‘Farah city will fall to Taliban’ say locals as heavy clashes force govt out in Afghanistan

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Heavy clashes are ongoing between government forces and Taliban insurgents in the capital city of western Farah province of Afghanistan, provincial council members confirmed on Tuesday.

Kabul based TOLO News reported, the clashes started at about 2am early Tuesday after Taliban insurgents started clashes in the city, a member of the provincial council Dadullah Qane said, adding that “clashes are ongoing in several parts of the city and close to National Directorate of Security (NDS) department.”

In the meantime, the residents of the city said that “if the government does not send more troops to the province, Farah city will fall into the hands of the Taliban.”

“The people are running from the city and the situation is very bad,” said a resident of Farah.

Another resident said: “The government forces have conducted a number of operations in different parts of the city in the past few days, but this hasn’t had any results.”

Clashes have been ongoing for the past few months in different parts of Farah province. Dozens of Afghan forces and Taliban insurgents have been killed and injured.

On Monday, officials said in 19 days the Taliban has carried out over 2,700 attacks around the country.

In the last week, clashes between security forces and militants in Farah, Baghlan, Faryab, Ghor and Badakhshan province ended in high casualty rates.

Earlier the Taliban had said in a statement that the group made it clear to the US in its recent letter that “war is not our choice, rather it has been imposed upon us. For ending the occupation, we want a peaceful resolution to the Afghan issue.”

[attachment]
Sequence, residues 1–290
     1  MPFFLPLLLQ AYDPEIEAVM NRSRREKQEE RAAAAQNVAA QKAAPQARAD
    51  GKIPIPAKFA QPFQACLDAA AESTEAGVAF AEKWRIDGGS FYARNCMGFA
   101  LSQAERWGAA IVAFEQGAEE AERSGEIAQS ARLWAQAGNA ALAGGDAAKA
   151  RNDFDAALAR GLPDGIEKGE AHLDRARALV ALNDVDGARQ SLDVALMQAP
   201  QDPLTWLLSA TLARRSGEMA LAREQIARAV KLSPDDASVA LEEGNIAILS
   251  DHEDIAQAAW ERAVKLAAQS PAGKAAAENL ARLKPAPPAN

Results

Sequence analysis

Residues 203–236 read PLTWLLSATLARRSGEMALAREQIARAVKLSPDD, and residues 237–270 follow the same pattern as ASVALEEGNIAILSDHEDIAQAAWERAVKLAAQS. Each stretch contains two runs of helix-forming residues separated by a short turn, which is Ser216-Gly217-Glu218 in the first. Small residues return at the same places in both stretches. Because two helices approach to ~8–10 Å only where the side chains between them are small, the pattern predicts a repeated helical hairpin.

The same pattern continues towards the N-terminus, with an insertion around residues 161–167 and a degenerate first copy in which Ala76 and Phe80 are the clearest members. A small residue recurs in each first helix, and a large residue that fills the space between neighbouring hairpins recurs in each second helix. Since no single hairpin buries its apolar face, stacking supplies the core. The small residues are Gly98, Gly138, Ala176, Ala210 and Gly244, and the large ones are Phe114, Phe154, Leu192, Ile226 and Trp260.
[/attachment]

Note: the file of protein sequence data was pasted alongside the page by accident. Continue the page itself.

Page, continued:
ALSO READ: Taliban announces its readiness to talk with US to find a ‘peaceful solution’

The statement noted that “it must now be established by America and her allies that the Afghan issue cannot be solved militarily.

“America must henceforth focus on a peaceful strategy for Afghanistan instead of war. Military strategies which have repeatedly been tested in Afghanistan over the past seventeen years will only intensify and prolong the war. And this is not in the interest of anyone.”

In January, after a wave of bombings which rocked Afghanistan lately, US President Donald Trump had ruled out any form of talks with the Afghan Taliban.

“Innocent people are being killed left and right” by the Taliban, he told the members of the UN Security Council at a White House lunch on Monday. “Bombing in the middle of children, in the middle of families — bombing, killing all over Afghanistan.”

ALSO READ: There is no talking with Taliban, we are going to ‘finish them’, says Trump

“So there’s no talking to the Taliban,” he said. “We do not want to talk to the Taliban.”

“We’re going to finish what we have to finish,” he said while adding, “What nobody else has been able to finish, we’re going to be able to do it.”

In August, 2017, The Taliban called on President Donald Trump on Tuesday to review the strategy for the war in Afghanistan and to hold peaceful dialogue directly with Afghans instead of engaging “corrupt” politicians.

ALSO READ: Taliban call on Trump to leave Afghanistan

The Taliban, alternatively spelled Taleban, which refers to itself as the Islamic Emirate of Afghanistan is a ‘Sunni Islamic fundamentalist political movement’ in Afghanistan currently waging war (an insurgency, or jihad) within that country.

Until his death in 2013, Mullah Mohammed Omar was the supreme commander and spiritual leader of the Taliban. Mullah Akhtar Mansour was elected as his replacement in 2015, and following Mansour’s killing in a May 2016 U.S. drone strike, Mawlawi Hibatullah Akhundzada became the group’s leader.

The Taliban negotiated and ‘asked’ Trump to study the “historical mistakes” of his predecessors and to withdraw troops from Afghanistan completely.

ALSO READ: Pakistan, Afghanistan and China meet in Beijing, resolve to fight terrorism


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